Running Time: 75 minutes
Aspect Ratio: 1.78:1 Anamorphic Full Frame
Dolby Digital 5.1

Let me preface this review with a little personal information. I hate mobile phones, and do not own one (if you ever speak to anyone who knows me, they will readily confirm this fact). Don't get me wrong, I think they are a neat little gadget, but for me the bad outweighs the good. I hate gormless morons who blithely walk around transfixed by their mobile phone and utterly oblivious to all that is around them. I also hate 'comedy' ringtones, and is it just me, or has anyone else noticed that the more stultifyingly banal the 'conversation', the louder the brain-dead numpties are obliged to speak to have it?

I also hate that toerag off of the so-obviously-manufactured-it-isn't-funny T-Mobile adverts with his cacophonious attempt at a band. Now that I come to think of it, I'm not particularly fond of the ads for iPhone either, wherein they expect us to bow down in awe-struck reverence of 'Apps' that perform the simplest task imaginable (to anyone with a modicum of initiative) as if beholding the reinvention of the wheel. 'Can't remember how to tie your shoelaces? There's an App for that too!' says the condescending voiceover guy.

So, when it comes to mobile phones, it's fair to say that I am the very antithesis of Ashley Cole.

Does anyone remember that old Phones4U ad with New Zealand's very own Flight Of The Conchords in the VW Camper with a PA system singing a song which contained the lyric 'Set it to vibrate, shake your derriere...BUZZ!'? I bet Ashley Cole does...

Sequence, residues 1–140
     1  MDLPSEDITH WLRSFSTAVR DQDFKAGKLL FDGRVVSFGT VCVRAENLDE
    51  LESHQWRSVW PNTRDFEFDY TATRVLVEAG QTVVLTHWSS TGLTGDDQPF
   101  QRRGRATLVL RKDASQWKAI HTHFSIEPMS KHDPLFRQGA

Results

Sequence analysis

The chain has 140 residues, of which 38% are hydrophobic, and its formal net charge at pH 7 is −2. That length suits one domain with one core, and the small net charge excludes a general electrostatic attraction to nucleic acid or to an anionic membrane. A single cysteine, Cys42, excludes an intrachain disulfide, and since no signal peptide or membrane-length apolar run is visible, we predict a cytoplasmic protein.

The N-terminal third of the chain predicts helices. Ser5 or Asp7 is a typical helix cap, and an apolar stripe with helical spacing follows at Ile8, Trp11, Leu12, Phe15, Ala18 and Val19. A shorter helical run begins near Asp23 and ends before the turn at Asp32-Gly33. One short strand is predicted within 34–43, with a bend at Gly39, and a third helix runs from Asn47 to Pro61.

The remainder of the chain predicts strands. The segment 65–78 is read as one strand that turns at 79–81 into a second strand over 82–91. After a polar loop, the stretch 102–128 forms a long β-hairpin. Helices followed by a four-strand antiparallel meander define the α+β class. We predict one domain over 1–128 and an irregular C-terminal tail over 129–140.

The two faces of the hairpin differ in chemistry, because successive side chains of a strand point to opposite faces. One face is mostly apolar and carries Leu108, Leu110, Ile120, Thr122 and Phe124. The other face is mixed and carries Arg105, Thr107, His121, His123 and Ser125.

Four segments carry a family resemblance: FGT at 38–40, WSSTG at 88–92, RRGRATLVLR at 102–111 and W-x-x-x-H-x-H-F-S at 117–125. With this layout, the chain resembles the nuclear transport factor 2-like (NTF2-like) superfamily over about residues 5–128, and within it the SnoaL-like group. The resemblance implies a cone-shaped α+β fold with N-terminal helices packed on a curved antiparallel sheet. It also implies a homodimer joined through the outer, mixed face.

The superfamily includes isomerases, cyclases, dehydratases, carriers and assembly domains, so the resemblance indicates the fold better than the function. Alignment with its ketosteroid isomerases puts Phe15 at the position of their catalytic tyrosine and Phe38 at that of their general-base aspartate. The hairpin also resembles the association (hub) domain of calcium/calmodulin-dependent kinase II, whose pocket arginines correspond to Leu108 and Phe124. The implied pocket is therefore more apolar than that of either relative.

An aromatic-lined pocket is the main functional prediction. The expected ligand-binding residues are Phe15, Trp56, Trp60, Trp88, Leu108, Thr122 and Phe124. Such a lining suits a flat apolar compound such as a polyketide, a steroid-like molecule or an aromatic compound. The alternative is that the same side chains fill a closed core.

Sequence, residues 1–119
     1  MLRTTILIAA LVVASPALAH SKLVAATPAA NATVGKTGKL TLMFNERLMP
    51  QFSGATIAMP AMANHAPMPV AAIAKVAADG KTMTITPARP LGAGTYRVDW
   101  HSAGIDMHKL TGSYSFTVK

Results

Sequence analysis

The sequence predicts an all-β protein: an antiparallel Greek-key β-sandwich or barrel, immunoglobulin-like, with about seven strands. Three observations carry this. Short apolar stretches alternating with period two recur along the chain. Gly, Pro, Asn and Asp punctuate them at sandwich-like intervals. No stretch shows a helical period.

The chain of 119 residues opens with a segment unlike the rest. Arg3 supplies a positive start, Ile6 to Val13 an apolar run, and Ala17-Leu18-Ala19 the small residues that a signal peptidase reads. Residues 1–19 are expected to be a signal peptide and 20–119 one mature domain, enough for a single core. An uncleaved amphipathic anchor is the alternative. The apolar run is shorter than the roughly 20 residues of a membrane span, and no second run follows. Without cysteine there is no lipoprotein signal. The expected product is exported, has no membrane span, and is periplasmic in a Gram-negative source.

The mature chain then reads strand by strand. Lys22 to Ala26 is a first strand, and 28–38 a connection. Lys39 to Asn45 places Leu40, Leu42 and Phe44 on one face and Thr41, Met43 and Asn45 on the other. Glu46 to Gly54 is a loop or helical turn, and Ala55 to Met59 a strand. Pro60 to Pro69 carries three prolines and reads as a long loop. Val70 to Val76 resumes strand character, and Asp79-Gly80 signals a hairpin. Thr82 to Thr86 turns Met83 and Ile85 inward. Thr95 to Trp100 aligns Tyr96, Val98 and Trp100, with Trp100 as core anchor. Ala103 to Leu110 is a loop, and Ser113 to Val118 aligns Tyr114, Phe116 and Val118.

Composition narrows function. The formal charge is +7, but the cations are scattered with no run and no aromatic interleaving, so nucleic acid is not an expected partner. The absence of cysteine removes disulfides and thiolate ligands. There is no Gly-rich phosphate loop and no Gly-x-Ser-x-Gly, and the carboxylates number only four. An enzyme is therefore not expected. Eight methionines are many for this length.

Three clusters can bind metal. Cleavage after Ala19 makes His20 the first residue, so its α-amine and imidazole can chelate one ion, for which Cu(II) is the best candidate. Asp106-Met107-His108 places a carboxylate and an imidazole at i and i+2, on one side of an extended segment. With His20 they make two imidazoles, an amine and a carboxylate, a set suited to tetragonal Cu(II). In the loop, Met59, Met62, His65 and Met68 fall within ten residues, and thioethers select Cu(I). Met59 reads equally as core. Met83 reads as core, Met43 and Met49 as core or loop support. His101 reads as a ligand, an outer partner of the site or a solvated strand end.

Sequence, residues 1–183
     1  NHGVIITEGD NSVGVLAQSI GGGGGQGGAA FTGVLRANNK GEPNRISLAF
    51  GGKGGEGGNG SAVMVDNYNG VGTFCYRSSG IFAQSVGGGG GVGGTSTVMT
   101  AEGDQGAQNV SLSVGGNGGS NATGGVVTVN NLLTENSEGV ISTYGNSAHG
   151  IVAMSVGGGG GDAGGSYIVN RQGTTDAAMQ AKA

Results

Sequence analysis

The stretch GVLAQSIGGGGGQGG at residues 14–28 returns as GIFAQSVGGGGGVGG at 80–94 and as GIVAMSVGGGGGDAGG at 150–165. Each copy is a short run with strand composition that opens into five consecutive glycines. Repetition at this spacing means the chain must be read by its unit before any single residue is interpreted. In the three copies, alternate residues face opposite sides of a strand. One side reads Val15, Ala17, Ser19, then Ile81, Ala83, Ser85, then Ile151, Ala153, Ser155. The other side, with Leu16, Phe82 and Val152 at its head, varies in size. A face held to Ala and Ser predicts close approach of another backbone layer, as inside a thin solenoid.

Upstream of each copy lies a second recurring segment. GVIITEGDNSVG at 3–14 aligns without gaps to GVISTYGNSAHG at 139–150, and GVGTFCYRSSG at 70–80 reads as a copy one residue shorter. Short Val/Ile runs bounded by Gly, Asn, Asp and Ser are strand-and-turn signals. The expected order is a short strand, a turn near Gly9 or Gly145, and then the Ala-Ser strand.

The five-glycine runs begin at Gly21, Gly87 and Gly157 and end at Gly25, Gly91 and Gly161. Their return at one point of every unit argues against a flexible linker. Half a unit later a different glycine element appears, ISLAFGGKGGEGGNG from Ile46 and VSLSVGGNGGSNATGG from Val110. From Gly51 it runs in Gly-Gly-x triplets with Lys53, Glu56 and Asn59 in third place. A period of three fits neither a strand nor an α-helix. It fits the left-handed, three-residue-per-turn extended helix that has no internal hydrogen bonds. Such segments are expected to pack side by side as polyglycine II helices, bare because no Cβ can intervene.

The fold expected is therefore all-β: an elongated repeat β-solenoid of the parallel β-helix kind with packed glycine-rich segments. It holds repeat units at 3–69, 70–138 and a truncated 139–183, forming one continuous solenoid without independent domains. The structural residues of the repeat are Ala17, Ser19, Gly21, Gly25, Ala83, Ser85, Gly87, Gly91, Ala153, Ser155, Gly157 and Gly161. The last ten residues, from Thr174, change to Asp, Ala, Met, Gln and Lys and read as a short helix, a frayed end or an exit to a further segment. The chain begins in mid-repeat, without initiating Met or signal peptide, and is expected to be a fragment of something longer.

I'm just telling you this so that you know where we stand before we begin, as 'When Evil Calls' was shot with the explicit intent of being viewed via mobile phone (and other such mobile devices), in an episodic format. What's more, the plotline revolves around mobile phones as well. As you can well imagine, I duly waited for the DVD, so without further ado, here's the review...

The basic premise revolves around an evil supernatural clown who grants wishes to hapless teenagers. They receive a text teling them they've won a wish, and they are told to text their wish to make it come true. True to form, the wishes do come true, but there are dire consequences, and I'm not talking about jacked up call charges either.

Clowning around

We're talking Wishmaster/Bedazzled territory here (with perhaps the merest hint of Stephen King's 'It' because of the clown), wherein the vengeful and malevolent entity granting the wishes punishes the wisher for their verbal ambiguity and infelicitous language. You know the sort of thing...a seemingly-harmless utterance of 'I want my boyfriend to eat my pussy' means a cunnilinguistically-inclined wish instead manifests itself as coochie cannibalism, or indeed literal gynophagia if you prefer. The old cautionary tale of 'Be careful what you wish for because you just might get it', basically.

Now that's what I call a lovebite!

There are some names you might recognise in the cast, such as Dominic Pinon, Jamie Winstone, Jennifer Lim and Chris Barrie amongst others. Of course, if you are an unreconstructed pervert like me, you will also recognise the name (and other notable attributes) of Page 3 girl Vikki Blows.

I'm going to resist the temptation to do a pun on her surname...

Oddly enough, one of the other segments involves quite a bit of nudity, but without spoiling the surprise let me just say that like all of the wishes, there's a most disquieting downside to it...still, it's fun while it lasts, eh?

Fact: Netball played by hot naked girls would draw bigger TV audiences and make more money than the NBA

In an attempt to disguise the episodic nature of the beast and flesh it out into a more linear narrative, the producers have enlisted Sean Pertwee as the school caretaker to act as a narrator of sorts.

Sean Pertwee as our humble (and foul tempered) narrator...